Why You Need To Probate Your Loved One’s Estate

Probating a WillWinding up the affairs of a loved one who has passed on is never the most pleasant endeavor when you are in the midst of grieving his or her loss. However, the sooner the process is started, the easier it will be and the sooner it will be over. Probate is the legal process by which your deceased loved one’s debts are paid and her property is distributed to her survivors. The following details the steps involved in, and the importance of, the probate process in New Mexico.

When should an estate be probated in New Mexico?

If a person resided in New Mexico or owned real property located in New Mexico at the time of his or her death, a probate should be opened in New Mexico.

What are the steps involved in a probate?

(1) A petition to be appointed as personal representative or administrator must be filed with the court, and a notice must be sent to all interested parties.

(2) After a hearing, the court will typically issue an order appointing the petitioner as personal representative or administrator of the estate and Letters Testamentary or Letters of Administration authorizing the petitioner to take control of the assets and affairs of the estate.

(3) With the Letters Testamentary, the personal representative may begin collecting and inventorying the estate’s assets, including bank accounts, insurance policies, personal property and real property.

(4) The personal representative is also responsible for notifying creditors by letter and/or publication of the passing of the deceased, which starts the clock running on the deadline for creditors to make claims against the assets of the estate.

(5) After gathering the assets and determining the debts of the estate, the personal representative distributes the required statutory personal and family allowances, if applicable, satisfies the debts of the estate, and distributes the assets of the estate to the beneficiaries.

Who can be appointed as personal representative?

If your loved one has left a will naming a willing and able personal representative, the court will typically appoint that person. If the person named in the will is unable or unwilling to serve, or if your loved one has died intestate (without a will), any person interested in the deceased’s estate can petition to be appointed personal representative. Usually a spouse or child of the deceased will petition the court to be appointed personal representative, but any heir or even creditor is an “interested person” authorized to petition the court to be named personal representative.

Why is it important to go through the probate process?

Only through the probate process can you legally transfer title of the deceased’s property to the intended beneficiaries. All too often, a child takes up residence in the deceased’s home without having legal title transferred to him or her by a personal representative. Even though it may be undisputed that Mom wanted her child to have the home, the home still legally belongs to the deceased’s estate–not to the child. An unknown creditor, whose claim might have been foreclosed if the estate were probated, could come out of the woodwork, and the home could be available to satisfy the claim. The deceased may owe taxes, which would have been addressed by the personal representative during the probate process, and a taxing authority could impose a lien against the property. Suddenly, the small amount of money the child saved by foregoing the probate process costs the child the house that his or her Mom wanted to leave to the child.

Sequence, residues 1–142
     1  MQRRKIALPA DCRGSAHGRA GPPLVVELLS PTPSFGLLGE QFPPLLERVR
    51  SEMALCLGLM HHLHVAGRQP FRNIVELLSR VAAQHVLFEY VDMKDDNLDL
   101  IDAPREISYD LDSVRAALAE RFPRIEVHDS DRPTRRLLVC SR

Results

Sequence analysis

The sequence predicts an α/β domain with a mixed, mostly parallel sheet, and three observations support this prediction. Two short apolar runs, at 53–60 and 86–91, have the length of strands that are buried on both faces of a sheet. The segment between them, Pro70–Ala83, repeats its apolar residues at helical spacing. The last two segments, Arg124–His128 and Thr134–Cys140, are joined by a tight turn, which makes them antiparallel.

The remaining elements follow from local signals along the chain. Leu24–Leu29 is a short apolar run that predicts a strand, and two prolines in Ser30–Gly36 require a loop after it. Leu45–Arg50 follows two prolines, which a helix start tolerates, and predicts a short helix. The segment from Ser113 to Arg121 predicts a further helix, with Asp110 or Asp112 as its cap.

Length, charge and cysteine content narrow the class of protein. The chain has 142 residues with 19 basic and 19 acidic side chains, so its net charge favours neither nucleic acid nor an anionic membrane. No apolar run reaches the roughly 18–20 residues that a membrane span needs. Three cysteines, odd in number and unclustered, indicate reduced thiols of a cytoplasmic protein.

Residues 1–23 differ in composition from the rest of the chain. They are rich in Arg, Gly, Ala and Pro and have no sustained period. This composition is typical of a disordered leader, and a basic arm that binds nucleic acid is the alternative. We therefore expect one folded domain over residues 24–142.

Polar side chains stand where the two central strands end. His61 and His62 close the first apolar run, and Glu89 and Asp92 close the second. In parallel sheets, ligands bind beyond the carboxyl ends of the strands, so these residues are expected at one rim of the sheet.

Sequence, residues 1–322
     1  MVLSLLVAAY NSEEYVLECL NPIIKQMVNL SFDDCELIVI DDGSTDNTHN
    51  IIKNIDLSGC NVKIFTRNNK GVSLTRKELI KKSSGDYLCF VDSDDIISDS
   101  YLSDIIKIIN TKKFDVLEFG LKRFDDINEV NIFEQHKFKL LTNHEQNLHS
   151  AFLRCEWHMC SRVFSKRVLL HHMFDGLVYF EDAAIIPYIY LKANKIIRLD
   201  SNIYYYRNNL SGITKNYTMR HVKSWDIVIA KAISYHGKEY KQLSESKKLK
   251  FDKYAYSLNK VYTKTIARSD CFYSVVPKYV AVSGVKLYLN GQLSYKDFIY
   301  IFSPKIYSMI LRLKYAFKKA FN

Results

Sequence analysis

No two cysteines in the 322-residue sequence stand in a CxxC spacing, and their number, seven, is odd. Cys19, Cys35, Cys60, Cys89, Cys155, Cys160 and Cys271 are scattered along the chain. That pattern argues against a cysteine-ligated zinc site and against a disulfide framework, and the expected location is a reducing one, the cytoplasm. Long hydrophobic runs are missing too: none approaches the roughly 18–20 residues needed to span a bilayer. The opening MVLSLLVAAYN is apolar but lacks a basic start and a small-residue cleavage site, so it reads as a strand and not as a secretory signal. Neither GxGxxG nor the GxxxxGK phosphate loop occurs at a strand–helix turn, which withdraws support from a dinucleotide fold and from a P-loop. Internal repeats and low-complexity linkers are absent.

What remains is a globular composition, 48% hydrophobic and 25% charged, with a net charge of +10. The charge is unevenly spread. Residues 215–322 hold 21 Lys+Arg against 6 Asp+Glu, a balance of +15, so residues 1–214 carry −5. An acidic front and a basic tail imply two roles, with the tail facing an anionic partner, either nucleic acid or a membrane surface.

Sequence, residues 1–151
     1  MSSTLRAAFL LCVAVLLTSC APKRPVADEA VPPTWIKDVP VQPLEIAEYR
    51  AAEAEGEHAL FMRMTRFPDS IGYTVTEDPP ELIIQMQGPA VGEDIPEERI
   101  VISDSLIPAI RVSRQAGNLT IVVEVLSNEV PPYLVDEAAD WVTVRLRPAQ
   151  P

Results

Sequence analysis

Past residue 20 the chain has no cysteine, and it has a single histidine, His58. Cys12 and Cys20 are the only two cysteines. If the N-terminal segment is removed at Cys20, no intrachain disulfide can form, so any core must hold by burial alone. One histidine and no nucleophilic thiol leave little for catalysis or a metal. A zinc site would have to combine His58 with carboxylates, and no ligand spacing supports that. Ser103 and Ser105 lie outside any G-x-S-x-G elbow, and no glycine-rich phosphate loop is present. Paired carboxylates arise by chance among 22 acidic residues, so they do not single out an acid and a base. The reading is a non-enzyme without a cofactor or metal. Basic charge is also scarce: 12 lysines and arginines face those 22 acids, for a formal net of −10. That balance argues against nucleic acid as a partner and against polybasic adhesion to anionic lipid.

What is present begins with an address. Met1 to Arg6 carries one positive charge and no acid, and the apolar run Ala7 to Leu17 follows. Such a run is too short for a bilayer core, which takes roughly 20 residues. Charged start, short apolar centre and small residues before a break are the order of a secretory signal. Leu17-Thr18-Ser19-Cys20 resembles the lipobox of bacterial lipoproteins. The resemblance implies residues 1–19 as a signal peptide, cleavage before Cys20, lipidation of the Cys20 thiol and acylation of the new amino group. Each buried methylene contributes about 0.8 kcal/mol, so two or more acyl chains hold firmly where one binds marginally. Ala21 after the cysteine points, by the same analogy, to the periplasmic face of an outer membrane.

Perhaps the most important reason to probate an estate is to assure the orderly transfer of assets from one generation to the next. Feelings of unfairness often arise when one sibling perceives that his or her parent left more to another sibling. The supervised distribution of assets through the probate process adds legitimacy to the transfers of property, which will reduce the chances of litigation over how assets are distributed. Additionally, proper administration of the estate assures that the intended beneficiaries will obtain the legal title to property necessary, in turn, to pass that property to future generations.

How much does it cost to probate an estate?

The attorney fees and other professional fees, such as those charged by accountants, depend on the complexity of the estate. The fewer debts owed by the deceased and the fewer assets to be distributed, the lower the cost of administering the estate tends to be. In any event, the cost of probating your loved one’s estate will almost always be less than the cost of the legal nightmares that result from foregoing the probate process.

If you are in need of an attorney to help you probate a will and/or administrate a loved one’s estate in New Mexico, be sure to contact a probate attorney as soon as possible. Probating a will should not be procrastinated.

About tmortimer:

Tim Mortimer is an attorney and partner of Slingshot, LLC, the parent company of Business Law Southwest, LLC, and Law 4 Small Business, P.C. He is licensed to practice law in New Mexico and Arizona, and focuses on transactional work, contracts, mergers and acquisitions, commercial real estate and more.

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